How to be an Alien (1946) was the second book by George Mikes and is the most famous of the 44 he wrote. By its 32nd impression in 1966 it had sold over 300,000 copies. It poked gentle fun at the English and their relationship with foreigners, written from his perspective as a fresh immigrant from Hungary. The book is characterised by much humour, affection and a total lack of rancour or bitterness. Mikes demonstrated not only his knowledge of English society but an insight into the English language. It is in two parts. The first part "How to be a General Alien" deals with such important English topics as the weather, tea, how not to be clever (since it is considered bad manners), how to compromise, and queueing (according to Mikes, the national passion). The chapter entitled "Sex" is in its entirety as follows.
Continental people have sex lives: the English have hot water bottles.
The second part, "How to be a Particular Alien" describes particular occupations from BloomsburyIntellectual to bus driver, finishing with how to be a Naturalised citizen, which includes the eating ofporridge for breakfast, and alleging that you like it.
It was adopted for English language teaching in the Penguin Readers series. A UK television programme based on the book and with the same title was broadcast in 1964, featuring Frank Muirand Denis Norden, with the voices of Ronnie Barker and June Whitfield.How to Plan a Town
Britain, far from being a "decadent democracy," is a Spartan country. This is mainly due to the British way of building towns, which dispenses with the reasonable comfort enjoyed by all the other weak and effeminate peoples of the world.
Mediaeval warriors wore steel breast-plates and leggings not only for defence but also to keep up their fighting spirit; priests of the Middle Ages tortured their bodies with hair-shirts; Indian yogis take their daily nap lying on a carpet of nails to remain fit. The English plan their towns in such a way that these replace the discomfort of steel breast-plates, hair-shirts and nail-carpets.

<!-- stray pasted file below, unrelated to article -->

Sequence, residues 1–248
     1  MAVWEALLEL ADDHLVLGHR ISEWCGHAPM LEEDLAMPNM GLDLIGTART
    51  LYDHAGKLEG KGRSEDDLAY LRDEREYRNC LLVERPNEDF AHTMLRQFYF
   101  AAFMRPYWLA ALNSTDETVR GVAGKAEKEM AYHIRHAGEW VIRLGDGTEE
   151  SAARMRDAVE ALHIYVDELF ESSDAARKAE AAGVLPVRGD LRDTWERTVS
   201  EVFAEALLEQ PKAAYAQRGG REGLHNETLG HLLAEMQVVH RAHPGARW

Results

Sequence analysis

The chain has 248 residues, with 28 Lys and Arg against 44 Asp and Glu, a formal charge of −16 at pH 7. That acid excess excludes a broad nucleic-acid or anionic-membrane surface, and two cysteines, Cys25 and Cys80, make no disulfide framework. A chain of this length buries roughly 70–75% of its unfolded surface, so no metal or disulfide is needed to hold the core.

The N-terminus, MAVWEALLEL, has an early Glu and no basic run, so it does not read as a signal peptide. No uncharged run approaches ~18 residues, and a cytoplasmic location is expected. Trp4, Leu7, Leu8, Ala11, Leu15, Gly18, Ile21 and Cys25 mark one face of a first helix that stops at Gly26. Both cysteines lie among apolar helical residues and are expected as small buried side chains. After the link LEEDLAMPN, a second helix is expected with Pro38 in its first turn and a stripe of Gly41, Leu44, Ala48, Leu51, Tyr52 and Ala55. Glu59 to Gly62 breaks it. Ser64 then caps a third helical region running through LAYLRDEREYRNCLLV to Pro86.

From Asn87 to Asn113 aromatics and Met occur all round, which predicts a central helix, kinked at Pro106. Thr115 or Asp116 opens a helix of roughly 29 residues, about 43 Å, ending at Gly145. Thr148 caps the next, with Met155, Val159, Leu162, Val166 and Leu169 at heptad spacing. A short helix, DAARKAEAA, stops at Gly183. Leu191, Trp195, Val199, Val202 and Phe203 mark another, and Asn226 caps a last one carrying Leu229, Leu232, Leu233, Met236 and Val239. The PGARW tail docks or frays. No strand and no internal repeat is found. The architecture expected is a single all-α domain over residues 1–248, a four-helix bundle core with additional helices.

On the Continent doctors, lawyers, booksellers - just to mention a few examples - are sprinkled all over the city, so you can call on a good or at least expensive doctor in any district. In England the idea is that it is the address that makes the man. Doctors in London are crowded into Harley Street, solicitors into Loncoln's Inn Fields, second-hand book-shops in Charing Cross Road, newspaper offices in Fleet Street, tailors in Saville Row, car-merchants in Great Portland Street, theatres around Piccadilly Circus, cinemas in Leicester Square, etc. If you have a chance of replanning London you can greatly improve on this idea. All green-grocers should be placed in Hornsey Lane (N.6), all butchers in Mile End (E.1), and all gentlemen's conveniences in Bloomsbury (W.C.).
Now I should like to give you a little practical advice on how to build and English town.
You must understand that an English town is a vast conspiracy to mislead foreigners. You have to use century-old little practices and tricks.